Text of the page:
Language Selection

English French German Italian Portuguese Spanish

A survey of Linux Web development tools

Filed under
Software

Choice is a good thing, and Linux users have plenty of it when selecting a program for Web development. Users can choose from the basic no-frills text editors, to full-featured "what you see is what you get" (WYSIWYG) programs. Here's a survey of the best programs I've used.

This is by no means an exhaustive overview of all Web development programs available for Linux. For example, since the original Mozilla Suite has largely been displaced by Firefox and Thunderbird, I've decided not to review Mozilla Composer (or Netscape Composer). I've also kept to programs that are mature, and available under free and open source software licenses.

This is also not an exhaustive overview of all features in each program. I've tried to highlight some of the most interesting features in each program. In particular, I've focused on HTML/XHTML editing and support for Cascading Style Sheets (CSS).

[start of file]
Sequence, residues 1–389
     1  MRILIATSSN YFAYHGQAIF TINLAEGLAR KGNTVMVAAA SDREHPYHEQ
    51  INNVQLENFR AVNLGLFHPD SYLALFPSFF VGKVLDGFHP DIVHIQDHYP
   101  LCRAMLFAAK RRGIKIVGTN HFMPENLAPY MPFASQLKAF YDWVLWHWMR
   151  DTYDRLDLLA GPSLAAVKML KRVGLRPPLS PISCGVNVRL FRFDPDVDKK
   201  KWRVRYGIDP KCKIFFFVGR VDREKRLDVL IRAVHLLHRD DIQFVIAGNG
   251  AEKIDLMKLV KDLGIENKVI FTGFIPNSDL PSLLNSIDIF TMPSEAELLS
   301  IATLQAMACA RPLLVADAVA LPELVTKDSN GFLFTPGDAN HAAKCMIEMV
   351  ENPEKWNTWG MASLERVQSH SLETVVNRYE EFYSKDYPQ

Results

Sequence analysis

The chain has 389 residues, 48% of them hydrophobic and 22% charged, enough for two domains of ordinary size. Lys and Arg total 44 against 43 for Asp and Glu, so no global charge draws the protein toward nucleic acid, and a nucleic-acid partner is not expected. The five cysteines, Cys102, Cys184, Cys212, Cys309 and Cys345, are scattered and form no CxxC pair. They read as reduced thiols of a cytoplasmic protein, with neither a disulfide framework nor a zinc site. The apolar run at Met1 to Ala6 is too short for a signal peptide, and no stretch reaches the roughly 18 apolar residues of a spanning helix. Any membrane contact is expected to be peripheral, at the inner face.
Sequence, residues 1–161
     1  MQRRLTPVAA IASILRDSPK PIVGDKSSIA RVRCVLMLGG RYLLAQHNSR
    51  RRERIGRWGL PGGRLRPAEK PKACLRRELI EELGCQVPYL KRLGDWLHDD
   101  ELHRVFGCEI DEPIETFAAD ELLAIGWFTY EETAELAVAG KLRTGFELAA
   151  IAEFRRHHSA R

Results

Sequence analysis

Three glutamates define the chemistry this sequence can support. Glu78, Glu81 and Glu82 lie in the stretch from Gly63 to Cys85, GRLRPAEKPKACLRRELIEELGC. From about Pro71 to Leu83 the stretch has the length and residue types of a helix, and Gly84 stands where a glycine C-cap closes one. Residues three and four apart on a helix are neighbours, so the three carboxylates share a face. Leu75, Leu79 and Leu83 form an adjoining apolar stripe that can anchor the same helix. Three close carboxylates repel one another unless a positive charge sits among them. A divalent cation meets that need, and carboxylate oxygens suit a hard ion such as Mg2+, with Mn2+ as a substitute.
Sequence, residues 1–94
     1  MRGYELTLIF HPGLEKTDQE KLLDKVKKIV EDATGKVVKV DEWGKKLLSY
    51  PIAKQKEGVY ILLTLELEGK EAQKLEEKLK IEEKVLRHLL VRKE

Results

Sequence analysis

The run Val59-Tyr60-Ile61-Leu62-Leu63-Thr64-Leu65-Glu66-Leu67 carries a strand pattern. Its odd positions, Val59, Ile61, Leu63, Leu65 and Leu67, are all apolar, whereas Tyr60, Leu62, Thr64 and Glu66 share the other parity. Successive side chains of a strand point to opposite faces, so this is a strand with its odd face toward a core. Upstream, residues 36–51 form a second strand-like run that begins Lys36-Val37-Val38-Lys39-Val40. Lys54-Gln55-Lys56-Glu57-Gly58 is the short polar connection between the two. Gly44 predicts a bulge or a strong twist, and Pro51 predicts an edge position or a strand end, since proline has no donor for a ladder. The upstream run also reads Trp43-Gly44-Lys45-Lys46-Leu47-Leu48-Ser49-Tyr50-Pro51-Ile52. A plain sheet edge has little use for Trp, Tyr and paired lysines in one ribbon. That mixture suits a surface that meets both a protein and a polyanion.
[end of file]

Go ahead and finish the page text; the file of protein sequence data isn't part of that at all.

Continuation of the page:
Let's start with a look at two general-purpose editors, Vim and Emacs, that offer some specific features for Web development.

Full Story.

More in Tux Machines

Today in Techrights

Web Server Setup Series - Fix CWP Errors & Warnings To Improve Server Security

​Welcome to the second part of the web server setup series. In this part, I'll show you how to fix CWP (CentOS web panel) errors and warnings, create new user accounts, create hosting packages, and create FTP account. So let's start. Read
more

How To Make Good Use Of 'grep' Command

​Linux and UNIX systems come with a shell command known as ‘grep’. This simply looks for a specified text, or pattern, in a file or an entire directory. The most common usage is for quickly searching a file for occurrences of a pattern, which can be in plain text, or in the form of a regular expression. Here, the patterns used will be simple text rather than regular expressions. Read
more

Android Leftovers